Opponents appeal decision to allow drilling under Ohio state parks and wildlife areas

Opponents appeal decision to allow drilling under Ohio state parks and wildlife areas

Environmental groups filed an appeal Thursday, challenging recent decisions by an Ohio regulatory commission to allow drilling under a state park and two state wildlife areas.

Those decisions currently call for sections of Salt Fork State Park, Zepernick Wildlife Area and Valley Run Wildlife Area to be leased to the highest and best bidder, with the bidding period set to start in January.

Among other things, the groups say the Ohio Oil and Gas Land Management Commission failed to consider all of the factors it was required to weigh under state law. The groups also allege that the commission failed to provide an opportunity for public hearing under state law.

Plans to drill under Ohio state parks and wildlife areas were jump-started earlier this year by House Bill 507, which began as a two-page bill about poultry regulations and grew to more than 80 pages when lawmakers heaped in provisions about natural gas and other unrelated topics last December. Environmental groups challenged the constitutionality of the law earlier this year, and that case is still pending.

The new case appealing the commission’s decisions was filed on Nov. 30 with the Franklin County Court of Common Pleas. A notice of appeal was also filed with the Ohio Oil and Gas Land Management Commission.

Parties to the appeal include Save Ohio Parks, the Ohio Environmental Council, the Buckeye Environmental Network and Backcountry Hunters and Anglers. Lawyers at Earthjustice are acting as counsel, and the Ohio Environmental Council also has its own attorneys on the complaint.

What the law says

HB 507 would have required approval of drilling under state-owned lands until the commission adopted a standard lease form and other rules to allow drilling on different parcels.

Now, under the law, Ohio statutory law calls for the commission to consider nine factors, including environmental impacts, effects on visitors or users of state-owned lands, public comments or objections, economic benefits and more. Commission Chair Ryan Richardson also recited those factors in an affidavit filed in the constitutional challenge case.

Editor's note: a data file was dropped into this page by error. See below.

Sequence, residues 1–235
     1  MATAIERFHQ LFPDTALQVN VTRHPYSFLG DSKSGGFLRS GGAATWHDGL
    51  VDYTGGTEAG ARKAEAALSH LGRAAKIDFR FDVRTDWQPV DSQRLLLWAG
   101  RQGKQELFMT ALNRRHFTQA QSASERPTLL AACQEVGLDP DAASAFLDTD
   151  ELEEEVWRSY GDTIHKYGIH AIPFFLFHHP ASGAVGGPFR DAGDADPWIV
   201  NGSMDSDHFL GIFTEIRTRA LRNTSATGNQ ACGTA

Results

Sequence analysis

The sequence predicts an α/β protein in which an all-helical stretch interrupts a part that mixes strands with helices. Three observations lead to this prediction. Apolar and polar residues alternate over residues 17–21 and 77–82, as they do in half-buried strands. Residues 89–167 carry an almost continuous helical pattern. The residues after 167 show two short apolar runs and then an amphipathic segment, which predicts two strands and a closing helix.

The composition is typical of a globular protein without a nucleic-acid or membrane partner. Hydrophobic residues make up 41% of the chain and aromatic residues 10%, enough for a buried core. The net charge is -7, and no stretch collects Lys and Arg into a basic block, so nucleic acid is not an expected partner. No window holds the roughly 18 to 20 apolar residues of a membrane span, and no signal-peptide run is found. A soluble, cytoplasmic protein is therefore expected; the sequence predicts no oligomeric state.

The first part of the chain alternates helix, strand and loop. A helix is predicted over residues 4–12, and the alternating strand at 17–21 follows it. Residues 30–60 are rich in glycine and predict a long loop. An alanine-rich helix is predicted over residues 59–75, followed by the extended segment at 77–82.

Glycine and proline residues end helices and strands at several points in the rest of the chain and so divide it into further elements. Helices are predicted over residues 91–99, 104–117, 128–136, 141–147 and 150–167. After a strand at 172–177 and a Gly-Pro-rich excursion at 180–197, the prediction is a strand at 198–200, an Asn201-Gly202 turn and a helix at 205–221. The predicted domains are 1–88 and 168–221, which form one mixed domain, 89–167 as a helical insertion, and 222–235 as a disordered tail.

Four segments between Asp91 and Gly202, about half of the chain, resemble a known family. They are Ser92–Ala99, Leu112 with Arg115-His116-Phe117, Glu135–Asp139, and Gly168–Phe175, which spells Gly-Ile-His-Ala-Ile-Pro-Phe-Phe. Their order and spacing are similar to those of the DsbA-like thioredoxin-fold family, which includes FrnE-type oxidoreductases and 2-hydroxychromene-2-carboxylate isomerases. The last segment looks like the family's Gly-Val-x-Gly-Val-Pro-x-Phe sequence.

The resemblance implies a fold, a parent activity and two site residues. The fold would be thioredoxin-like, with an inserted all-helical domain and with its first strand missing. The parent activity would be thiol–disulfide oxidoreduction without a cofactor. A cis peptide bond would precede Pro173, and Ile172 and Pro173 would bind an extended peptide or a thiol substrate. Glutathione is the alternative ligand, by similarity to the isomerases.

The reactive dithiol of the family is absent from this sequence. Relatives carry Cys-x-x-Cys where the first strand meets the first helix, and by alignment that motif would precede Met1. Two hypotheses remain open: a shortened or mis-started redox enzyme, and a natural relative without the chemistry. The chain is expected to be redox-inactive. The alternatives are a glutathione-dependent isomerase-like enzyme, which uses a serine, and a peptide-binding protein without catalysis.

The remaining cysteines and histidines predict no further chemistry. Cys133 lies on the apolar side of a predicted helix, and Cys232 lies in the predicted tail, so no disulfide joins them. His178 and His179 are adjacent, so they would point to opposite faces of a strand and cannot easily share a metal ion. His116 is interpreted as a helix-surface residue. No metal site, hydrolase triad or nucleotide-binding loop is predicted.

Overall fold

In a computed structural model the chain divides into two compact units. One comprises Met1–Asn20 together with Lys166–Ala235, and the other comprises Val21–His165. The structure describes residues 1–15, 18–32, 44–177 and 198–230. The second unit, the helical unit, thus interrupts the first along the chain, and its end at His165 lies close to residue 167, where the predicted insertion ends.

The opponents’ appeal alleges that the commission failed to duly consider all those factors. The commission also did not allow people attending the meetings to present testimony in opposition to particular proposals.

A mandate?

Even after the Ohio Oil and Gas Land Management Commission adopted rules this spring, comments by its members indicated they still viewed HB 507 as a legislative mandate preventing them from rejecting parcel nominations outright.

“We’ve been directed to open these lands up,” Richardson said at a Sept. 18 commission meeting.

In a similar vein, commission member Jim McGregor told the Energy News Network this summer, “we have a mandate from the legislature that says we shall lease public lands for fracking.”

The commission did not discuss all the statutory factors for voting either yes or no at its Nov. 15 meeting. Yet it voted to allow opening up lands under the state park and wildlife areas for bid next quarter. No written opinion explaining the decisions has been posted on the commission’s website.

“The commission is not required to submit a written opinion, and they are not expecting to write one,” said Andy Chow, spokesperson for the Ohio Department of Natural Resources, in response to a question by the Energy News Network the next day. “And there is no appeals procedure.”

“The Commission’s refusal to issue a written decision, failure to engage in meaningful discussion of the statutory criteria, and its belief that decisions are not appealable, show a concerning disregard for the process and rigor contemplated by their statutory mandates,” said Megan Hunter, a lawyer for Earthjustice who is representing opponents in the appeal and in the constitutional challenge case.

“As seen in the Commission’s meetings, the Commission did not publicly consider all nine statutory factors prior to opening up Salt Fork State Park, Valley Run Wildlife Area, and Zepernick Wildlife Area for oil and gas development. The Commission should be held accountable for this failing,” she added.

Opponents appeal decision to allow drilling under Ohio state parks and wildlife areas is an article from Energy News Network, a nonprofit news service covering the clean energy transition. If you would like to support us please make a donation.

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